A polyp is an abnormal growth of tissue projecting from a mucous membrane and maybe pedunculated (with a stalk) or sessile (flat). Polyp is a morphological description. Polyps in the colon and rectum are most frequently adenomas histologically.
Pedunculated polyp in sigmoid colon:
Sessile polyp in caecum:
Most are asymptomatic and found on investigation for symptoms caused by other pathology or at bowel cancer screening (cause occult bleeding picked up by Haemoccult test- see podcast on screening). Can cause pr bleeding (small amounts) if in the rectum or left colon and occasionally increased awareness of flatus (flatus builds up behind larger polyps to be released more obviously in one go!) or loose stool as the polyps get larger.
They are common and increase with age, especially over 50 years.
Polyps can be removed at colonoscopy using a diathermy snare passed down the scope. Large polyps may need to be removed surgically with the part the of the bowel in which they lie.
Snaring of pedunculated polyp:
Histologically into :
A. neoplastic (which can be benign or malignant)
A.Benign Neoplastic Polyps (Adenomas)
Arise from the glandular epithelium of the large bowel. As such they are ADENOMAS.
Benign neoplasms but considered to be precursor to colorectal cancer (see adenoma-carcinoma sequence).
Histologically divided into tubular, villous and tubulovillous.
Rare neoplastic polyps include lymphoma, lipoma and haemangioma.
Convincing circumstantial evidence but no conclusive evidence.
Both conditions more prevalent in western societies in which diet is low in fibre and high in red meat.
Similar topographic distribution of adenomas and carcinomas in the GI tract.
Synchronous existence of adenomas and carcinomas.
Adenomas > 1cm exhibit signs of dysplasia and malignant transformation. Vice versa, histological studies of carcinomas reveal adenomatous elements within tumour. Thought to be about a 10% chance of a 1cm adenoma becoming a cancer within 10 years.
Average age of patients with adenoma is 7-8 years younger than patients with carcinomas.
Removing polyps endoscopically has been shown to decrease the incidence of colorectal cancer.
Familial Adenomatous Polyposis (FAP) where hundreds of adenomatous polyps are seen, all patients eventually develop cancer by the age of 40.
Usually small and incidental findings.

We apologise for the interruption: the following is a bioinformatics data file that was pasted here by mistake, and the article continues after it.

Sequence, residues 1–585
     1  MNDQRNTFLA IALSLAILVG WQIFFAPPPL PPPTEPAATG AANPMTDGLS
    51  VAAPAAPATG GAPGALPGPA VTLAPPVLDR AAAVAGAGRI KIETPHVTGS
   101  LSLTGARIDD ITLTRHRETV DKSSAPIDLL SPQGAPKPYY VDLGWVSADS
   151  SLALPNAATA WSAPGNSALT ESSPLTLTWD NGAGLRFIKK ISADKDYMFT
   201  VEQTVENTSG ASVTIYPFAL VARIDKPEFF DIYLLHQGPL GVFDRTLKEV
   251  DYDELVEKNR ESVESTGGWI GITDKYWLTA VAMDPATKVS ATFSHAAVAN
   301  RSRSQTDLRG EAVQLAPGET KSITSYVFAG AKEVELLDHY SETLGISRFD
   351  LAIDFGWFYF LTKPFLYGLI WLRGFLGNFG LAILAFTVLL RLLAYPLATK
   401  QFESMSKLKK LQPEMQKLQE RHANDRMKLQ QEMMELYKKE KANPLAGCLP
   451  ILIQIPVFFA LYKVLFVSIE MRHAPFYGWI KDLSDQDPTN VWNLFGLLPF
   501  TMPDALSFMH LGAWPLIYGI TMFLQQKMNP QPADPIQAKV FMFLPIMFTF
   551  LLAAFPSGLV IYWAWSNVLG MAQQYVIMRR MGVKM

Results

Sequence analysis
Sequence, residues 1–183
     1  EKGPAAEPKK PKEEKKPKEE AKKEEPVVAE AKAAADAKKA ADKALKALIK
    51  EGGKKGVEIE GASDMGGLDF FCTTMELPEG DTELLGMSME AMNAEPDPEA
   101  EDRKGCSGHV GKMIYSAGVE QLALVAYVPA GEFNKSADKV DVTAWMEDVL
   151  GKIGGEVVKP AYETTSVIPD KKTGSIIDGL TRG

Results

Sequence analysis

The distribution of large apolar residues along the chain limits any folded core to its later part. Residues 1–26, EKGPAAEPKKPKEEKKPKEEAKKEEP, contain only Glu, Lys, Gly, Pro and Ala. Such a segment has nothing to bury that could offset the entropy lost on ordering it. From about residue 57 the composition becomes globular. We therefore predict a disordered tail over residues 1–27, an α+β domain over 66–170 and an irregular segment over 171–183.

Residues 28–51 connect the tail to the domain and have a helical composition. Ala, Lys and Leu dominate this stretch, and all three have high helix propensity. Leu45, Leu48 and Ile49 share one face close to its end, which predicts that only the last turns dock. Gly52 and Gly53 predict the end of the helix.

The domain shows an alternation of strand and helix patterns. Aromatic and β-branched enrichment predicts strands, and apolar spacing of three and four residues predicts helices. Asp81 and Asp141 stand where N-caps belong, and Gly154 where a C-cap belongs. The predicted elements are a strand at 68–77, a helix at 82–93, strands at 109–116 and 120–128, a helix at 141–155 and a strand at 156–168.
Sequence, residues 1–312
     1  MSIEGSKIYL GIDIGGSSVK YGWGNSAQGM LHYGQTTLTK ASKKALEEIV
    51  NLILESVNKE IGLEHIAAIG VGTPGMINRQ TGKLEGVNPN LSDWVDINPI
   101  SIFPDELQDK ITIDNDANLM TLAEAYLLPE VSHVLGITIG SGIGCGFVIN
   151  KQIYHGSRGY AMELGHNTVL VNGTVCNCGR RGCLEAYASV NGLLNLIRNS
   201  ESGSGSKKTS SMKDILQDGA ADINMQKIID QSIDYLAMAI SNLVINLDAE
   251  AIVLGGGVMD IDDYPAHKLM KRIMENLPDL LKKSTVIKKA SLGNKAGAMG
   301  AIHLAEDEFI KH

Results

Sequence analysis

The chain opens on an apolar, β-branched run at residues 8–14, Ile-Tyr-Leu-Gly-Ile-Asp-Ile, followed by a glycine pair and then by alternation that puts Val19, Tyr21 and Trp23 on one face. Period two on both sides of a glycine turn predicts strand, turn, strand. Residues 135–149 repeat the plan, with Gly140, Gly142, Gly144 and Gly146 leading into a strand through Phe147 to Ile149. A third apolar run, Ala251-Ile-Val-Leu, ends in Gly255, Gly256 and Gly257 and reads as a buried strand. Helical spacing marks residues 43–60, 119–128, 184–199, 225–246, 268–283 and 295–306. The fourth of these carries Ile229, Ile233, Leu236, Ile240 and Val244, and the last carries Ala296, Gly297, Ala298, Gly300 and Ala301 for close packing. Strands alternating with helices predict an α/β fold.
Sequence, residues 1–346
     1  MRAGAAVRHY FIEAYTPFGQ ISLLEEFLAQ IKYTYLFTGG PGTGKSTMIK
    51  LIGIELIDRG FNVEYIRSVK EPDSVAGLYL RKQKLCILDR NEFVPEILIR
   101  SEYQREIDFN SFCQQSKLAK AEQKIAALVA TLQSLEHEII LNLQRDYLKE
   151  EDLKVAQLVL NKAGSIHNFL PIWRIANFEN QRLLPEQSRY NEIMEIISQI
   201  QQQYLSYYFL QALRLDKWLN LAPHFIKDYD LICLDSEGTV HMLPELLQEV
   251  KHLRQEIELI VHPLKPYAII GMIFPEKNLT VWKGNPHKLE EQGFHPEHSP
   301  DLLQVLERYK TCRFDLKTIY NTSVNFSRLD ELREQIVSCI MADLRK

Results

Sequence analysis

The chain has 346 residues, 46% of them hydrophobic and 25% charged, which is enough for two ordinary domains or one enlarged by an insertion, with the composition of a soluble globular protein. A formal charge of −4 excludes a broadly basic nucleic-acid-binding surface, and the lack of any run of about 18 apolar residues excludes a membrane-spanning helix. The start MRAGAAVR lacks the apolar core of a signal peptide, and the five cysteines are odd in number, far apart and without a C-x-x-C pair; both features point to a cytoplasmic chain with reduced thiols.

Hamartoma - a benign focal malformation composed of tissue elements normally found at that site, but which are growing in a disorganized mass at the same rate as the surrounding tissues.
Hyperplastic polyp - Increase in the number of cells leading to enlargement of the tissue (and formation of a polyp). Histologically looks the same as normal cells. these too can lead to malignancy via a hyperplastic polyp - serrated adenoma - adenocarcinoma pathway. Increased risk in patients with acromegaly. (NB hyperplasia increased number of normal cells, hypertrophy increased size of normal cells).
MALIGNANT POLYPS - EARLY ADENOCARCINOMAS (pT1)
The diagnosis of malignant change within an adenoma (adenocarcinoma) requires invasion of neoplastic cells through muscularis mucosa into the submucosa. Hence, malignant cells limited to the mucosa should be described as high grade dysplasia rather than intramucosal carcinoma.
5% of colonoscopically removed polyps, increases with polyp size.
Staging of pedunculated polyps- Haggitt Levels
The red colour indicates level of cancer within polyp. The chance of lymph node metastasis increases with Haggitt level.
Dr Haggitt was an American Pathologist at the University of Washington who developed the above staging system. He was shot dead in his office by one of his trainees in 2000.
Staging of sessile polyps-Kikuchi Levels
The frequency of lymph node metastasis in sessile tumours correlates to the depth of invasion of the submucosa (i.e, sm1: 2%, sm2: 8% and sm3: 23%).
It should be noted that both staging systems have advantages and disadvantages and can be problematic to use in practice, particularly if there is fragmentation or not accurate orientation of the tissue following polypectomy. More recently, new staging systems have been introduced that involve measuring the depth of invasion in microns from the muscularis mucosa into the submucosa.
Management of malignant adenomas
Controversial but should be based on histological staging. The risk of death from surgery should be less than the risk of death from spread of the cancer.
Haggitt level 1 malignant adenomas can probably be treated by polypectomy alone.
The presence of lymphatic invasion, neoplastic cells at the resection margin and poorly differentiated carcinomas within an adenoma necessitate surgical resection.
Sessile malignant adenomas also mostly require surgical resection particularly since depth of invasion increases risk of lymph node involvement.
There are several syndromes associated with multiple colonic polyps and include:
Familial adenomatous polyposis
Juvenile polyposis syndrome
The New Aird's companion in surgical studies. 3rd Edition, 2005.
Classification of colorectal cancer based on correlation of clinical, morphological and molecular features
Colorectal cancer: genetics of development and metastasis
Surveillance guidelines after removal of colorectal adenomatous polyps - British Society of Gastroenterology